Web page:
ESSEX, Mass. — The White Elephant shop is for sale, but while it’s for sale, business is still, to quote its slogan, “picking up,” says Jean Grobe, who, along with her husband Rick has owned the 60-year-old iconic Essex antiques landmark since 1985.
It’s been a long, fun trip, but it’s time for other kinds of trips, says Grobe, including the one the couple — now both in their 60s — took to Florida this past month after putting the shop in the capable hands of Churchill Properties’ real estate marketer Chris Bernier.
Now returned from those sunny climes, the Grobes — who since the 1997 departure of their original partners, Tom and Kay Ellis, have been sole proprietors of the shop — are selling, says Jean Grobe, because it’s just plain “time for a change.”
“My husband is going to be 68 next month,” she says, by way of settling the issue of why the couple, under whose aegis business at the White Elephant has never been less than booming, would want to sell.
She knows, says Grobe, that for the right kind of buyer for the big old barn on Main Street (Route 133), with its picture perfect location, is a New England dream. But that doesn’t mean it will sell fast. “It’s a real niche kind of business, but for people who’ve always dreamed of having a shop like this, in a locale like this, it’s perfect.”
Grobe, who notes that “we get 10,000 to 14,000 cars passing here a day,” says the couple have already had interested potential buyers, including “a local restaurant thinking of turning it into a brew pub.” The shop, which also has a retail food license, would be perfect, she thinks, “for young kids, who are so creative.”
The couple were young and creative themselves, as were Tom and Kay Ellis, when they bought the 4,155 square foot property. Rick Grobe himself was an art major who brought “a great eye” to the business, says his wife. “Every single movie that’s ever shot on Cape Ann has bought props here,” she says. That would include “Manchester by the Sea,” last year’s Oscar winner for Best Actor and Best Original Screenplay, loaded as it was with authentically local interiors.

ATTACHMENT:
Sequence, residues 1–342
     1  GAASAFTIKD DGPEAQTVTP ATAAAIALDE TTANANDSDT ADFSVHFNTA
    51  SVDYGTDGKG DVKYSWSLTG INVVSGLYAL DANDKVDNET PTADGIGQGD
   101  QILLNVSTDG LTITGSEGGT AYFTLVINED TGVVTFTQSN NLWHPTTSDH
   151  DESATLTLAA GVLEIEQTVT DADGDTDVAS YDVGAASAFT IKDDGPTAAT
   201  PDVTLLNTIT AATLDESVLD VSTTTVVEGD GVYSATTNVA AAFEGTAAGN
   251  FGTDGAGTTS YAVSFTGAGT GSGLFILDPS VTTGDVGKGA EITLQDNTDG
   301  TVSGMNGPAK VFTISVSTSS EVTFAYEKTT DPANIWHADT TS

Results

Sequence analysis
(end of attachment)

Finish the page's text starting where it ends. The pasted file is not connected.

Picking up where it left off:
Authentic Cape Ann is in fact exactly how best to describe the White Elephant’s typical range of inventory. Though the shop “mixes some new” with the old — especially in the spring, when it sells lots of gardening accessories — most of its ever changing inventory comes straight out of the attics, trunks, basements, barns and estates of Cape Ann. “Rick is always on hunt,” says Grobe. “He can liquidate whole estates, and he’s got that great eye, so we never have trouble selling stuff.”
Or buying stuff. Founded on the principal that “one man’s trash is another man’s treasure” the shop, says Grobe, “is a magnet” for sellers with single and small items, too. These — old, framed period pictures and memorabilia, books and collectibles — are often exactly the sort of thing the average shopper, particularly tourists, look to pick up, and what the shop is crammed to the gills with.
The couple regarded the selling of The White Elephant outlet shop on John Wise Avenue one mile north of the mother shop — which they describe as “like a year round yard sale” — as a first step toward down-sizing their involvement with their 33-year-old retail venture, but not with Essex retail. Long active in the Essex Merchant Group, Jean Grobe, a North Shore native, helped launch many of the tourism initiatives that helped win Essex — with its dozens of picturesque shops — national recognition as “antiques capital of America”
“You know,” she says, “it’s interesting, people even love coming here in winter. When the sun shines, Essex is in business.” And at The White Elephant, despite that “For Sale” sign, it’s business as usual.
Information from: The Salem (Mass.) News, http://www.salemnews.com